- Equities: 27%
- Angel Investments: 6%
- Gold: 4%
- Municipal Bonds: 6%
- Real Estate – Equity in Individual Properties: 6%
- Miscellaneous (Risk Parity Fund): 4%
- Crypto (Bitcoin, Ethereum, Others): 4%
- “Investment Grade” Corporate Bonds: 0%
Overall, I still have too much in Cash & Savings and Real Estate (both debt and equity).
My plan for 2020 is to shift more of those into Equities and Gold (as a hedge).
The U.S. stock market is incredibly expensive currently, so I’m underweighting the S&P and focusing on cheaper indices.
For example, the Russell 2000 Value index currently has a P/E of 14x vs. 23x for the S&P.
And emerging markets and many developed, non-U.S. markets are also much cheaper.
I’ll comment on the asset classes that have changed the most below:
Cash & Savings
Similar to Warren Buffett, I’m still sitting on a lot of cash, waiting for more of a major market correction (50%+).
When interest rates in the U.S. were still 2-3%, that wasn’t the end of the world because I was still earning above the rate of inflation.
But now that inflation has edged higher and rates on savings accounts have fallen, it does not make sense to have this much in cash.
I’m planning to reduce this balance to 10-15% of my total assets this year.
For a “risk-free” asset, long-term U.S. Treasuries delivered an amazing performance in 2019, up ~14% total.
As expected, short-term Treasuries were up much less (~4%) due to lower interest-rate sensitivities, but 4% still beat rates on savings accounts.
There’s a chance the Fed could move to zero or negative rates, especially if there’s a recession, so I’m still maintaining 6% of my assets here.
But I cut my percentage in half because it’s equally likely that yields will move higher, or that inflation will pick up, both of which would be bad for existing bond holdings.
Yes, U.S. Equities are currently extremely expensive, and I’ve thought the market has been overpriced for the past 5-6 years.
The Shiller P / E on the S&P 500 is currently over 30x vs. a historical median of 16x, and virtually every other metric (Market Cap / GDP, normal P / E, Price / Sales, etc.) is at or near all-time highs as well.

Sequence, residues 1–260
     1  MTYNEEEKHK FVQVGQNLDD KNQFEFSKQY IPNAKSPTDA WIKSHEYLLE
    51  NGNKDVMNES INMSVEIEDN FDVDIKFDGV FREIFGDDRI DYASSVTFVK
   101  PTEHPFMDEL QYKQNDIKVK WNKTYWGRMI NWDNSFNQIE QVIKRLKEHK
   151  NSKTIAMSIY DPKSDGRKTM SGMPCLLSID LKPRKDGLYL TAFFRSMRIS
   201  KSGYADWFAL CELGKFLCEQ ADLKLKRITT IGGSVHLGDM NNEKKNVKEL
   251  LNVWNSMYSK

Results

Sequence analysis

So, I’m taking the following steps here:
- Allocating money to U.S. Equities in sectors that are comparatively cheap, such as small-cap value stocks.
- Maintaining a modest percentage in a “Total Market” fund or index because anything could happen. Sky-high valuations didn’t prevent a record performance in 2019!
- Overweighting Equities in other regions, such as non-U.S. developed markets and emerging markets.
On the last point, take a look at Star Capital’s Cyclically Adjusted P / E (CAPE) ratio by region:
The U.S. is clearly the most overpriced major market, while places like Russia, China, South Korea, and Latin America are 2-4x cheaper.
Even parts of Western Europe, such as the U.K., Germany, and Spain, are far more reasonable.
So, rather than avoiding Equities altogether, I am shifting to cheaper markets that have underperformed over the past decade.
I am not a “gold bug,” nor do I think that the world is going to end in a zombie apocalypse.
Instead, I increased my Gold allocation and plan to increase it even more because:
- Gold is relatively uncorrelated with stocks, bonds, and most other financial assets, so it provides a nice hedge if the markets tank.
- As central banks keep flooding the markets with cheap money, Gold will be the chief beneficiary.